This innovative system (without disturbing the HMO Care programs) will:
                             1. Assure availability of Primary Care Medicine for all citizens
                             2. Decongest ER and add those patients to the single payer primary care system
                             3 .Provide primary care nights and week ends for all 
                             4. Lower Health Care costs for:
                                       a. Families
                             5. Provide medical nodes nation-wide to support service for Terror inflicted wounded.
                             6. Boost employment significantly
                             7. Put Primary Care facilities into empty Mall space
                             8. Curb the HMO penchant to raise rates
                             9. etc. etc. etc.


Except for the 37 million who have no Health insurance most Americans have medical and hospital coverage of one sort or another, much of it Single Payer: Medicare for the elderly, has been extended to include Addiction, Dialysis, HIV-AIDS and other special cases. Medicaid pays the medical bills of welfare recipients; Veterans are served by the U.S. Department of Veterans Affairs; Native Americans by the Indian Health Service;  and the remainder (except for 37 million) is insured privately by one or another of the numerous Health Maintenance Organizations (HMOs) that flourish throughout the land. Some join HMOs as individuals or as families, others get this coverage as an ERISSA byproduct of the insurance purchased by the industry, enterprise and other businesses for which they work. The gap between the insured and uninsured has been a noticeable stain on the social fabric of the United States that has been spreading slowly ever since Chancellor Bismarck introduced universal health insurance to Germany about 125 years ago. 


Some states have tried to remove the stain by allowing uninsured to buy into Medicaid, and during April 2006 Massachusetts passed law that mandated coverage, (awkwardly funded) for everyone in the state. 


Thus it was comforting after these many years to hear President George Bush in his 2007 State of the Union message invite this political wall flower to the dance by suggesting somehow health insurance of one sort or another ought to be extended to cover all American. But that’s where the music stopped.  For a brief moment New York’s ex Governor Spitzer had Health Care in his sights, but soon he himself dropped out of sight. Nonetheless, Health Care Insurance may be the buzz word of 2009.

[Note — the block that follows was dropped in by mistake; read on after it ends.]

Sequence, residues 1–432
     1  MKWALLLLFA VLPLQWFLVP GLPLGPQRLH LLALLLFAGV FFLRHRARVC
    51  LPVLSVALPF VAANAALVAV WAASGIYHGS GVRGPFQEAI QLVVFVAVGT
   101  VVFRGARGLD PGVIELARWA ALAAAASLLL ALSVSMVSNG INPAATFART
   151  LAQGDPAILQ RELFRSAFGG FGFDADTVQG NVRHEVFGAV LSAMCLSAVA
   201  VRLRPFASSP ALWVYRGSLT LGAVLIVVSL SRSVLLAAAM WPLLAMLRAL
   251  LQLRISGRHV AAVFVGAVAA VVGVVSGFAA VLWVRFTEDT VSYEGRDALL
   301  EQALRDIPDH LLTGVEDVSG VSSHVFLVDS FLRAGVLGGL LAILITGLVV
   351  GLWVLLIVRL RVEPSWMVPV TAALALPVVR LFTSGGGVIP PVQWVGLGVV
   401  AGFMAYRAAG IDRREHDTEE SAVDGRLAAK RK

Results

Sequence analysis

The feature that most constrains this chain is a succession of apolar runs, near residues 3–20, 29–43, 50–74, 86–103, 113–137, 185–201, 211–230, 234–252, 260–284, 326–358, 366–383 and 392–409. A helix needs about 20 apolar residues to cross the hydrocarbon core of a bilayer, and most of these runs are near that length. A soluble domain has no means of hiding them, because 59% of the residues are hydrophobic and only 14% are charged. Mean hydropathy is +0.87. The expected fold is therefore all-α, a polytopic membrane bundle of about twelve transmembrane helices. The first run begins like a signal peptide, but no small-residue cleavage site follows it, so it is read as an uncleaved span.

Because the problem is complex, because opponents are moneyed and plentiful, it is unlikely that a coherent national plan will soon be offered, but there is a short cut to salvation that would provide an adequate stop-gap until a comprehensive Health Care System is developed.  Namely to move Primary Care from the HMOs into a Single Payer System staffed by salaried physicians. In 2004 37% of all physician office visits were to offices of Primary Care physicians. This figure does not include visits by the uninsured to the Emergency Room, or visits during nights and weekends by Insured individuals who, unable to locate their physicians were forced to go to the Emergency Room.  


A Single Payer System limited to Primary Care could be set up side by side with the current HMO structure. Although not comprehensive, the entire nation would with the stroke of a pen have medical insurance for Primary Care. The Congress could fund this on a national level or foist it on the States as partially funded mandates, and derive subsidy from HMOs that no longer would have the Primary Care burden. It could be a great boost for doctors starting in practice and wonderful haven for doctors at retirement age who hate to leave the profession. It would unburden Emergency Rooms to which the uninsured flock often for paltry problems, and it would be a model with which the klutzy HMO system can be compared.